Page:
No indeed, hatred is not the right word. And when I use terms like “deny the truth,” “hard-core propagandist,” “tenaciously in denial,” “neither scientific nor honest,” “poor treatment of the subject matter,” “indefensible ignorance,” and “willful misrepresentation of the facts,” it is not for the purpose of expressing contempt or derision, but to provide an accurate description of the specific practices and characteristics of a specific group of people. If it happens that these practices and characteristics are contemptible and/or worthy of derision (as it apparently occurs to you), then so be it. I do not employ such terms flippantly or for effect, but to communicate with accuracy.
>>On your web page you describe me...<<
May I suggest that perhaps you flatter yourself in assuming that my web page describes you personally? Be that as it may, you seem to indicate that: 1) you count yourself among the staunchest believers, proponents, and defenders of the evolutionist faith; and that 2) you take your faith, as well as any criticisms of that faith (and the various means by which it is popularized and defended), very personally. Such personalization of
beliefs, their criticism, and their defense seems much less indicative of a scientific approach to a matter, for it strongly implies a (subjective) philosophical/religious predisposition.
>>...How were you expecting me to react to that?<<
Your personal reaction obviously involved no concern or expectation on my part until you chose to write and express your reaction. My aim in general has not been to produce a “reaction” from anyone, but to describe the practices and patterns exhibited in the writings of such proponents of evolutionism as are found at the “talk.origin archive.” And again, that you count yourself in their ilk and take personally any criticisms leveled at them seems to be your own personal matter.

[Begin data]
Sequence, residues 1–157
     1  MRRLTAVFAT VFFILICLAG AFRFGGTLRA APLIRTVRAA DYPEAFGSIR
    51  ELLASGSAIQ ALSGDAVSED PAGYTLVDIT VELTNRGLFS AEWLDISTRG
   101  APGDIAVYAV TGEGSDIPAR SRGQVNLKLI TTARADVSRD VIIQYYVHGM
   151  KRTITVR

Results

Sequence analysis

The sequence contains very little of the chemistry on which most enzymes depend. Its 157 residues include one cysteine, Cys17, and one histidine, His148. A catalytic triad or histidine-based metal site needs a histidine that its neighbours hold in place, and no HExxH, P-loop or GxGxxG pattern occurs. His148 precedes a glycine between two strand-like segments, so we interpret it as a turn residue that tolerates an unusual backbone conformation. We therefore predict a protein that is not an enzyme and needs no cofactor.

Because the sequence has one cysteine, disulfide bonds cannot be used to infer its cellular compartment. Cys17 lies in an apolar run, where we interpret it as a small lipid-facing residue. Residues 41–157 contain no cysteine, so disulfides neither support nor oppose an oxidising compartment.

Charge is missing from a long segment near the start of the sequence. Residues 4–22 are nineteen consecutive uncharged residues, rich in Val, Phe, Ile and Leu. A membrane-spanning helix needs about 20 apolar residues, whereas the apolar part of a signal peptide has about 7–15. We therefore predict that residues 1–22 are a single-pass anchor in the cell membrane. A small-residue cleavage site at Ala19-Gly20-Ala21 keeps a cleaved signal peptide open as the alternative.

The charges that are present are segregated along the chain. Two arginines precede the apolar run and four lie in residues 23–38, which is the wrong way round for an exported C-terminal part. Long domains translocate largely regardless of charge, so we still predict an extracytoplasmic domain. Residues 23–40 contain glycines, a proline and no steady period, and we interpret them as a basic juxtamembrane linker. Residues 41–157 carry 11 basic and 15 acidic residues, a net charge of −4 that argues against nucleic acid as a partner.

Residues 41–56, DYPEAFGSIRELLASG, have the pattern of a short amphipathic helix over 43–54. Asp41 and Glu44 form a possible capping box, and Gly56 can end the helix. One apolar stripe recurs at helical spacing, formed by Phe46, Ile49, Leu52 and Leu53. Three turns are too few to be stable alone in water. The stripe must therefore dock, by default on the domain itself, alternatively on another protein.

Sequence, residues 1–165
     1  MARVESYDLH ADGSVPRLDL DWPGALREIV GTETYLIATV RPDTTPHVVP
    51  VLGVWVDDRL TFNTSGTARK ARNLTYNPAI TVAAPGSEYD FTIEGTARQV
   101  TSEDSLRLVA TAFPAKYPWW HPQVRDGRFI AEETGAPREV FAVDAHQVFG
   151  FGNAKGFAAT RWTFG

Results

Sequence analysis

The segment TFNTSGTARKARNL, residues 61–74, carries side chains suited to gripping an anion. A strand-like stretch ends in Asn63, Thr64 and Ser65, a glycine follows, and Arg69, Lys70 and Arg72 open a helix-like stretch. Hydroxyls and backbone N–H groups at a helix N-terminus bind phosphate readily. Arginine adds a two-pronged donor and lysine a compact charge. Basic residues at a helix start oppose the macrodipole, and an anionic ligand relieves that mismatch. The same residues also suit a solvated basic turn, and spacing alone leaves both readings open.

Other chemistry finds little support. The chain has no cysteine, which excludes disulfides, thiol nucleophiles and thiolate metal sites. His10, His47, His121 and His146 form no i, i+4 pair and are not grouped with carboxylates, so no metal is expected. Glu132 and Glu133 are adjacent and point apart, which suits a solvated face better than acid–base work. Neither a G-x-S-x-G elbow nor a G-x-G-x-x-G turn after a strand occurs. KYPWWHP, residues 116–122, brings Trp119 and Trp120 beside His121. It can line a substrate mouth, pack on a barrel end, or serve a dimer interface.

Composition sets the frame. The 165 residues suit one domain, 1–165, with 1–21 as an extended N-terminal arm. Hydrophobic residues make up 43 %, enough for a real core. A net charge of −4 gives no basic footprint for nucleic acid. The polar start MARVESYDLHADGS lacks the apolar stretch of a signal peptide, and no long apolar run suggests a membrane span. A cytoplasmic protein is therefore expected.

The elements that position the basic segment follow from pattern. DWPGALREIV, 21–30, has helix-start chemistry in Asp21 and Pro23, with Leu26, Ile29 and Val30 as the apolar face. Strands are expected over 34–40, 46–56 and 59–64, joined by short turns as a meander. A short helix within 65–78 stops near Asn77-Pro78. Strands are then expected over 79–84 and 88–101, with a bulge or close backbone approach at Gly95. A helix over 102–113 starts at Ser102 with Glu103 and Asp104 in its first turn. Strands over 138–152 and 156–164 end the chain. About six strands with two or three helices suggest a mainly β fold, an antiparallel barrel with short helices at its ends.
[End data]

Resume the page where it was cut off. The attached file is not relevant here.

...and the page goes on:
>>It is very clear in the language you use that anyone with a scientific background will be perceived as the enemy.<<
No, it is only very clear in what I state that anyone with a dogmatically evolutionistic bias will be challenged to examine his/her practices in promulgating that bias under the guise of scientific objectivity. You are equating “science” and “evolution” they are neither equivalent, synonymous, nor (as far as empirical data are concerned) necessarily
>>Who are you refering to as holding this “presumed monopoly”?<<
The subject of the sentence is not obscure: evolutionists.
>>Do you consider “evolutionists” to be some sort of group other than just individual scientists?<<
Gee, I don’t knowdo you consider “creationists” to be some sort of group other than just individual believers? Do you consider “atheists” or “druids” to be some sort of group other than just individuals? The aim of your question escapes me, unless it is your obscure way of implying that “evolutionists” (whether individually or as a group) don’t think they have the vast majority of “science” on their “side” (vis-a-vis the creationist
>>If a scientist is just someone who understands science, then I guess that is a monopoly.<<